South Sudan representatives come to Rome to discuss ways for peace in the country

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Since 2013, South Sudan, the youngest nation in the world has been caught up in a civil war. However, in September 2018 the two opposition leaders, President Salva Kiir, and his former vice-president, Reik Machar signed the

Revitalized Agreement on the Resolution of the Conflict in South Sudan (R-ARCSS). 

Since then both parties have been seeking to implement the Pre-Transitional period agreements to help bring peace and unity to the country. 

Recently members representing the different parties of the agreements came to Rome to Sant'Egidio's center. There they have been discussing the extended transitional period agreements in order to meet its deadline on Nov. 12; and to receive the support of the international community.

According to one of the members, some significant steps have been made since the signing of the agreements. 

Co-deputy Chair, National Pre-Transitional Committee
“The necessary unified forces will be 83,000, comprising of 29,000 for the military, and 54,000 for security and unified police. This is the benchmark we have agreed to deliver within the extended period.”

He says the fact both parties have agreed to an extension of the transitional period is a sign in itself of a desire to bring about peace and unity. This is because the original transitional period was meant to finish last May.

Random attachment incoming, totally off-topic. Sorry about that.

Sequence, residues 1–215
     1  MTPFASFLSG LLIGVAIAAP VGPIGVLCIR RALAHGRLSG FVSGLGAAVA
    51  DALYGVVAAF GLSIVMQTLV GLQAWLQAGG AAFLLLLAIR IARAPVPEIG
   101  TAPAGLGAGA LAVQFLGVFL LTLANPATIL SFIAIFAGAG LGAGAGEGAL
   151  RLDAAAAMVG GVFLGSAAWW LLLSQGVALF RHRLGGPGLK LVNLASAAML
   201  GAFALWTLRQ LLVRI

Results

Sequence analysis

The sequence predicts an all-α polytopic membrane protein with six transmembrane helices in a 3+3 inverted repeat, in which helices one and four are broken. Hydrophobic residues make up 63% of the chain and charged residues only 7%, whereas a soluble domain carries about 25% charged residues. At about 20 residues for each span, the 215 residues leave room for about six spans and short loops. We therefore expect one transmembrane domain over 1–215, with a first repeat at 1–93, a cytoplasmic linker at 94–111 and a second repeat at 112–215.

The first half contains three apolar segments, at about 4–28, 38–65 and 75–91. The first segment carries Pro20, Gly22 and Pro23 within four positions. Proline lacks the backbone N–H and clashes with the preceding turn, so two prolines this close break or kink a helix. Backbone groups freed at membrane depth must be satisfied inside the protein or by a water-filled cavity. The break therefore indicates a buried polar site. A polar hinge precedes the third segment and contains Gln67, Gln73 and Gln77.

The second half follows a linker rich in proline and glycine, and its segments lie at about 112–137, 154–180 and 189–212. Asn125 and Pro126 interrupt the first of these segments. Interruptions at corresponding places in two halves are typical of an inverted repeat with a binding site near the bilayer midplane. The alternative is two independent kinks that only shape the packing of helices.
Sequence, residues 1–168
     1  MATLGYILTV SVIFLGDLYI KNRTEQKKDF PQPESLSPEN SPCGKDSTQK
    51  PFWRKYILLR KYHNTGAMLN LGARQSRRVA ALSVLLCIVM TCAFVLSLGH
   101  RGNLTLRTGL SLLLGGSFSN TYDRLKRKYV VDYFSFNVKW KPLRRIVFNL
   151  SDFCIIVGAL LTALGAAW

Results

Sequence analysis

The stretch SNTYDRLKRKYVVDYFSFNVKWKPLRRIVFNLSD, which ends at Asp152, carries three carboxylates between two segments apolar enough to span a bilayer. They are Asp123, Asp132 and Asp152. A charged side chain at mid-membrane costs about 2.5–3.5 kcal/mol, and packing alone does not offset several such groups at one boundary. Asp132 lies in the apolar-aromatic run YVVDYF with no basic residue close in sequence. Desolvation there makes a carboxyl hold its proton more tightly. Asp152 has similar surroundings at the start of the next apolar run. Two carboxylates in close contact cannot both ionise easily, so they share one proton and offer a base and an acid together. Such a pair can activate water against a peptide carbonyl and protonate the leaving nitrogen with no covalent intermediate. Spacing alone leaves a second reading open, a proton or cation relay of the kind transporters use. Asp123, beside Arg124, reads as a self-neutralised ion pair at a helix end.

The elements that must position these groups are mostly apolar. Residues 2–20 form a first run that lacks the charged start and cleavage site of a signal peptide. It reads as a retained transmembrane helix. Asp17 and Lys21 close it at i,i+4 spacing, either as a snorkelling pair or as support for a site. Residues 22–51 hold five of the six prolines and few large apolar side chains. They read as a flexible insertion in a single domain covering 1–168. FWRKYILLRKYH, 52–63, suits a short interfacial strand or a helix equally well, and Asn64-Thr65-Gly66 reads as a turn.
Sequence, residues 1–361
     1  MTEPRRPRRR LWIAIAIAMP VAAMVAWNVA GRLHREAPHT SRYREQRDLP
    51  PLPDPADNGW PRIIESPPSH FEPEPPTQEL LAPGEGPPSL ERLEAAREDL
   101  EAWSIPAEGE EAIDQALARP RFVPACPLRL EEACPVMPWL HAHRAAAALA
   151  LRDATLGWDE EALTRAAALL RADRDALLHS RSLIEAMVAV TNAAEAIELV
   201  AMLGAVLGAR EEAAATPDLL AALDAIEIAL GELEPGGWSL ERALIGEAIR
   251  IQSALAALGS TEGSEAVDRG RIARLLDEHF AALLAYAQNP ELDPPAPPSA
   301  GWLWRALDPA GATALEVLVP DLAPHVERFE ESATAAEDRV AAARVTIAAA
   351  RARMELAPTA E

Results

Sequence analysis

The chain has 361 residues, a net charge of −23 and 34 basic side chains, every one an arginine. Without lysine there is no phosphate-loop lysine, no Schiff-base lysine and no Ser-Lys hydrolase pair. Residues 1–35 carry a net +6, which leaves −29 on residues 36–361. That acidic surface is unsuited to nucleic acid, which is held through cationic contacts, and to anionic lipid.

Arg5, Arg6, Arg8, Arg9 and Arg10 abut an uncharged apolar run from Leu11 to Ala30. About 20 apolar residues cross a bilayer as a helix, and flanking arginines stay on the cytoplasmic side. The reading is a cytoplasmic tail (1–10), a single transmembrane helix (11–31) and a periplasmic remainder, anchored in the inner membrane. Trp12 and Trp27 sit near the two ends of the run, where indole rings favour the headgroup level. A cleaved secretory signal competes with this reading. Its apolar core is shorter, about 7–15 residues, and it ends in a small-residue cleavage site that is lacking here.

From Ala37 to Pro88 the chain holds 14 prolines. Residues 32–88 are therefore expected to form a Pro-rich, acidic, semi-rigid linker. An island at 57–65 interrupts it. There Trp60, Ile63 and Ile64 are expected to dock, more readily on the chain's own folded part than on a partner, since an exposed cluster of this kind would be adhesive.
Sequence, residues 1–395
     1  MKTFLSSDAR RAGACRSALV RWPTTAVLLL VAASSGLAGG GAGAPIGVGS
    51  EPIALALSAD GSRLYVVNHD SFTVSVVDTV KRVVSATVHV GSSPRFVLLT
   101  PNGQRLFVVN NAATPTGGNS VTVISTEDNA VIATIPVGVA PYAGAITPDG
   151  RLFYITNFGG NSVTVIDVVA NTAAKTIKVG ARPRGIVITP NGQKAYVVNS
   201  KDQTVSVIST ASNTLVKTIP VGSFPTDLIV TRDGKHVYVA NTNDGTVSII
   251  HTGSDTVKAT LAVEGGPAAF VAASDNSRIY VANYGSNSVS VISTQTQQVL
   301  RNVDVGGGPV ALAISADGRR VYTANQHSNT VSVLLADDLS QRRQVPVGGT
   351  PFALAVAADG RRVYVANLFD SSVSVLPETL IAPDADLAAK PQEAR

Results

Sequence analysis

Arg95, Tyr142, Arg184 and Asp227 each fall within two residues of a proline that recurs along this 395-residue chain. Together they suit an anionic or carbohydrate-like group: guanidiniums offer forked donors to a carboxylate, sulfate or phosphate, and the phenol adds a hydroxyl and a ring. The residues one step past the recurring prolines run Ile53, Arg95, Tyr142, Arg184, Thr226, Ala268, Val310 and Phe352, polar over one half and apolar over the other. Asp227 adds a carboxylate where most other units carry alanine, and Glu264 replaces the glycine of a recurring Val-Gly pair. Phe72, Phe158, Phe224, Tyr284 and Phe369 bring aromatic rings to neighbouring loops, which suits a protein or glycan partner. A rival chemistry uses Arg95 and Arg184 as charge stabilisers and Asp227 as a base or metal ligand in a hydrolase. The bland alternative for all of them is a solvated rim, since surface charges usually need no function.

Additionally, he adds a joint committee has already been established in preventing the use of child soldiers. 

Co-deputy Chair, National Pre-Transitional Committee
“When we take our forces into cantonment areas that committee will be working to identify who are the child soldiers in those forces. As soon as they are identified they will be released. This is being done in collaboration with DDR and Red Cross.”

Last April Pope Francis held a two-day spiritual retreat with the two opposition leaders to encourage further the path to peace. It ended with the pope kneeling down before them and kissing their feet.

Furthermore, the Sant'Egidio Catholic community have been a long standing friend of South Sudan even before its independence in 2011. They hosted the members at their center; and to offer assistance in the implementation of the agreements.  

Sant'Egidio International Relations Director
“There are some political differences. For example, in the federal asset of the country. They still have no political agreement on the number of federal states.”FLASH “Another obstacle, that does not directly refer to their job, is the fact that there are forces on the ground that did not sign the agreement. We are well aware of this, but this must be a subject that should be treated separately and in a more confidential way.”

Sant' Egidio is a religious group focused on fraternally assisting those living on the peripheries of society. In the past the community helped bring about the signing of the peace agreements for Mozambique in 1992, which was hosted in the same place. 

The South Sudan representatives believe that in maintaining unity and in seeking the resources needed from the government, and from partners, they can meet the deadline for November. 

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